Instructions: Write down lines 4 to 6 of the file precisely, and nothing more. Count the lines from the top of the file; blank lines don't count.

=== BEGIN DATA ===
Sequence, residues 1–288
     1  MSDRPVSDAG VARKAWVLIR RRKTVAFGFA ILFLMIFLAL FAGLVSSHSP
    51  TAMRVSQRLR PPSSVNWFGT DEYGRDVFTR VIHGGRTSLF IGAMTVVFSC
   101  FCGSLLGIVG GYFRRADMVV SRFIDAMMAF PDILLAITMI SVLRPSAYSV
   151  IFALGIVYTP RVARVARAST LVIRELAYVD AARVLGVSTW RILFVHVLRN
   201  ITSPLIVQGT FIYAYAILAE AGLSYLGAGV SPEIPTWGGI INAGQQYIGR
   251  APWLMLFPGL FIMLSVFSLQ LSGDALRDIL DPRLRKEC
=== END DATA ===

   101  FCGSLLGIVG GYFRRADMVV SRFIDAMMAF PDILLAITMI SVLRPSAYSV
   151  IFALGIVYTP RVARVARAST LVIRELAYVD AARVLGVSTW RILFVHVLRN
   201  ITSPLIVQGT FIYAYAILAE AGLSYLGAGV SPEIPTWGGI INAGQQYIGR